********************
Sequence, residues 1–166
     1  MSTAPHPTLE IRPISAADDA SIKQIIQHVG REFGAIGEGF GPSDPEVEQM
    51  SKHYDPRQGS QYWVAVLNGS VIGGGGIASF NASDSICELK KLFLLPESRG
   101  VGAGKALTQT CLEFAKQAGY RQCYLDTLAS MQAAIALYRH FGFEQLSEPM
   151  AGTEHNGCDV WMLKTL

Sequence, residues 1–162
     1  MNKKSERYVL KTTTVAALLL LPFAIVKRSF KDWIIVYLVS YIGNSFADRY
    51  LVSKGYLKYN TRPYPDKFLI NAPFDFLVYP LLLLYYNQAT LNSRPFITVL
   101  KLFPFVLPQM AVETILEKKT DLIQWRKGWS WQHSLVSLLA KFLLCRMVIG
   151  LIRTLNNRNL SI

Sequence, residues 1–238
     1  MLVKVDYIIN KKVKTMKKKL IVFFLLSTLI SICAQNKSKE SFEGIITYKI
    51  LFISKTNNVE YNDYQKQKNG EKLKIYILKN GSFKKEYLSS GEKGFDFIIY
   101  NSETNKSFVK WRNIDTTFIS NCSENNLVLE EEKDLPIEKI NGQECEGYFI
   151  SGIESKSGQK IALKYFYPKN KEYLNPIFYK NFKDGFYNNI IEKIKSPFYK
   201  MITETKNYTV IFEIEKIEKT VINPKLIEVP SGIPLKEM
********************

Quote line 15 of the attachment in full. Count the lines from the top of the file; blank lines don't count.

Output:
   151  SGIESKSGQK IALKYFYPKN KEYLNPIFYK NFKDGFYNNI IEKIKSPFYK